The financial sector is one of
Finland’s major taxpayers
- The Finnish financial sector’s tax footprint totalled 3.6 billion euros in 2020. This is almost equal to the three-year budget of the country’s basic transport infrastructure management.
- The financial sector’s tax footprint includes corporate income tax (€563 million), insurance premium tax (€820 million), and contributions towards fire protection, road safety and industrial safety (€21 million). Moreover, the sector generates employee income tax (€960 million) and social security contributions (€590 million), and pays non-deductible VAT for approximately €450 million. The dividends paid by the sector are subject to a withholding tax (€188 million).
- The financial sector’s €563 million constitutes 10.3% of all corporate income tax paid in Finland.
- The top payers of corporate income tax included several financial sector companies: Nordea (3rd place), OP Financial Group (4th place), Sampo Group (8th place) and LocalTapiola (16th).
The financial sector is a responsible builder of well-being in the society, providing efficient financing, insurance and investment services to companies and households as long as it is not weighed down by new regulatory burden. This is especially important now as we are striving to enter a period of new growth and prosperity as soon as the coronavirus pandemic is over.
Finnish banks have not needed to resort to taxpayer money during financial crises. The sector has operated responsibly and maintained its stability in the ebb and flow of the global economy. There have been no observable moral hazard problems. The healthy banking sector has been able to help households and companies during the coronavirus pandemic.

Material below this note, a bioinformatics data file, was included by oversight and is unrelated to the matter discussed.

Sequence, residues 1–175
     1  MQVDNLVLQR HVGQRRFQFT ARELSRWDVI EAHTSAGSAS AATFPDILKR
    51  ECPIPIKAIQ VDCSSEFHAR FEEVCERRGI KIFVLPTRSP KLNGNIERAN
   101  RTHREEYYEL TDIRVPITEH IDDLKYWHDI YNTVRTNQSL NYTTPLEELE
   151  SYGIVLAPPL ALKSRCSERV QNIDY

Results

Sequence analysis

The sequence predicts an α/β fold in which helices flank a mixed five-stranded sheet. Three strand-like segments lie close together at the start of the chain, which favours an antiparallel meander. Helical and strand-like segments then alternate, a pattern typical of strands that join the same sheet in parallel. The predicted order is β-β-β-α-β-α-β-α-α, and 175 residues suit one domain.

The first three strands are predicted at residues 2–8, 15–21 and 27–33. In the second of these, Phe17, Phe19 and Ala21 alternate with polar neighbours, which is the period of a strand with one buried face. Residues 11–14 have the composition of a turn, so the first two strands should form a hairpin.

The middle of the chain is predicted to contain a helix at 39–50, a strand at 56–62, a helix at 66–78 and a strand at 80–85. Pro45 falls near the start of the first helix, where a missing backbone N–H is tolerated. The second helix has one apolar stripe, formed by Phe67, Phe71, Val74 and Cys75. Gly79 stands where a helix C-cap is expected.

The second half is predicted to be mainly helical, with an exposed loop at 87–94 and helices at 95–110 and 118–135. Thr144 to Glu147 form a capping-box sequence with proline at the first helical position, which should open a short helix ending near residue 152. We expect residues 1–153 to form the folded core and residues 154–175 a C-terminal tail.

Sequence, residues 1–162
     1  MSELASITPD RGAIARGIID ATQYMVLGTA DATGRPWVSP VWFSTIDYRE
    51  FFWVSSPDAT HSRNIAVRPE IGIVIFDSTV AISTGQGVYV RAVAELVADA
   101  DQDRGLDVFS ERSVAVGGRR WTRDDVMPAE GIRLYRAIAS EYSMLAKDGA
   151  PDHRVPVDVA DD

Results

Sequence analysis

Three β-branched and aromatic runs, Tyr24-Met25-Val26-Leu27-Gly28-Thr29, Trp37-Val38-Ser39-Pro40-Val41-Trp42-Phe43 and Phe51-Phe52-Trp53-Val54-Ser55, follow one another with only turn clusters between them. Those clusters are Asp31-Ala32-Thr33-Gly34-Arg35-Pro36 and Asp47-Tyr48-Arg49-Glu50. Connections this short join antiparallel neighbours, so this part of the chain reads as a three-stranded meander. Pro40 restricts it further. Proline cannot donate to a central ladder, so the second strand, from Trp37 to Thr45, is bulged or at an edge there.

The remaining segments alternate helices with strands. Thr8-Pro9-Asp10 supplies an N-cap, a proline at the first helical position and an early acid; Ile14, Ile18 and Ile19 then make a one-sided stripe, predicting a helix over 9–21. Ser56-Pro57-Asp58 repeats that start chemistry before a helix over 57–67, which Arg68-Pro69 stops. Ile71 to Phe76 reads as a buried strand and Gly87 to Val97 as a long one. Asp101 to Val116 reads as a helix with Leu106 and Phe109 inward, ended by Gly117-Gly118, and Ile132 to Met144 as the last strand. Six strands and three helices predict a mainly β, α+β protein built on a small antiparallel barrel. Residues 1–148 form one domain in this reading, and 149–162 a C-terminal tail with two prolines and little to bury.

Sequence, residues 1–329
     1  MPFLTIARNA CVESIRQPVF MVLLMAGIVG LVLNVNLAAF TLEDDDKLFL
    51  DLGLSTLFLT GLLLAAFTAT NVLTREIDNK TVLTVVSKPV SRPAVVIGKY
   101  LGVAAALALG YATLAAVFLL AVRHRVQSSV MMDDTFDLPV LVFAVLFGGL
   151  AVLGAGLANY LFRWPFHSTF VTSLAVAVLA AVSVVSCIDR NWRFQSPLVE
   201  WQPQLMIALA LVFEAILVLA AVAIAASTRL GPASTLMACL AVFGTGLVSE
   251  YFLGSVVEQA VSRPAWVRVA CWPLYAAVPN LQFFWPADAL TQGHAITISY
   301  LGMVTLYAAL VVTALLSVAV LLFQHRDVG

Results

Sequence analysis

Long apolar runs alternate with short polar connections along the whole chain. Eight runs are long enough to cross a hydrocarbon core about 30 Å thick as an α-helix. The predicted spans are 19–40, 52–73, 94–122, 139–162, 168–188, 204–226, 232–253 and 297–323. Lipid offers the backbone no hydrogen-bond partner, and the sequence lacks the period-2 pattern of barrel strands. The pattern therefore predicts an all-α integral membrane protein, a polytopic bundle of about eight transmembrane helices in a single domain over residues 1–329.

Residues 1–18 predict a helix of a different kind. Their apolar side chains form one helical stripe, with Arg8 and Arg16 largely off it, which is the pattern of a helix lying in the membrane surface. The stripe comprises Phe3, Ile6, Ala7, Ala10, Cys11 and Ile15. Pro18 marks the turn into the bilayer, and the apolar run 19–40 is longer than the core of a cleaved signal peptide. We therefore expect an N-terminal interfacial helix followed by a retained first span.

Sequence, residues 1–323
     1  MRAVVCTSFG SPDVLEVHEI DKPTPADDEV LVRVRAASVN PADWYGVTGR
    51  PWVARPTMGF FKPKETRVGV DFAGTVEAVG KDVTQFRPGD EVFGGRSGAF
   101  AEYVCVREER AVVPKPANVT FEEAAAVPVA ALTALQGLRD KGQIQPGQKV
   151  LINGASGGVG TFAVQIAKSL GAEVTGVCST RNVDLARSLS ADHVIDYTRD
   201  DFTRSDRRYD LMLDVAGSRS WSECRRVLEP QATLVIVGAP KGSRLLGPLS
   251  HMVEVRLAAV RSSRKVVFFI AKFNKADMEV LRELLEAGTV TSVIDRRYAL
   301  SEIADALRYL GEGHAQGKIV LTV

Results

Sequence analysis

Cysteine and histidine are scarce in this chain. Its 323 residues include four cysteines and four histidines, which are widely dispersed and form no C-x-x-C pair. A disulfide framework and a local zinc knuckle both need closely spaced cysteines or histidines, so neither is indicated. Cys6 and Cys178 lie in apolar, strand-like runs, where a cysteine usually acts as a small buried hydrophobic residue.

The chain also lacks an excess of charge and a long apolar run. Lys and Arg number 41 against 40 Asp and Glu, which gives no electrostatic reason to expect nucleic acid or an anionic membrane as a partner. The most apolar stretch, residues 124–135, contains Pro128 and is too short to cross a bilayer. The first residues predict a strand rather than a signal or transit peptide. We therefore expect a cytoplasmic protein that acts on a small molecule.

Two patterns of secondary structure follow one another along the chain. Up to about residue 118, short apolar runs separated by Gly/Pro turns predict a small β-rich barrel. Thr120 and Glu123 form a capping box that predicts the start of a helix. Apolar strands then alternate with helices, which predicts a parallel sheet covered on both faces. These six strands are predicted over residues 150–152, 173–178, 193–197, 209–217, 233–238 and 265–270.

“Banks and insurers have been among the biggest taxpayers in Finland for a long time, thus also financing the welfare society. The sector is best able to promote growth and employment when its taxation and regulation are kept in moderation. New taxes would weaken the Finnish financial sector’s competitiveness and ability to act as a motor of growth”, says Finance Finland’s (FFI) Head of Taxation Lauri Luukkonen.
Hidden VAT costs of €450 million euros
Financing and insurance services are exempt from value added tax according to the EU VAT directive. Reasons for this exemption include the difficulty to define the tax base, technical implementation, and international competition.
Unlike most companies, financial sector companies cannot deduct the VAT for the goods and services they purchase. FFI conducted an assessment estimating this VAT amounted for approximately €450 million in 2020.
The VAT exemption is beneficial for individual retail customers, but for corporate customers, the non-deductible VAT raises prices compared to a scenario where companies could deduct VAT from their purchases. In this light, the claim that the VAT exemption causes the sector to be undertaxed is false.
EU stability contributions of €235 million
In addition to the national taxes and contributions, Finnish credit institutions paid stability contributions to the EU Single Resolution Fund for €235 million in 2020. In 2021 this contribution rose to €270 million.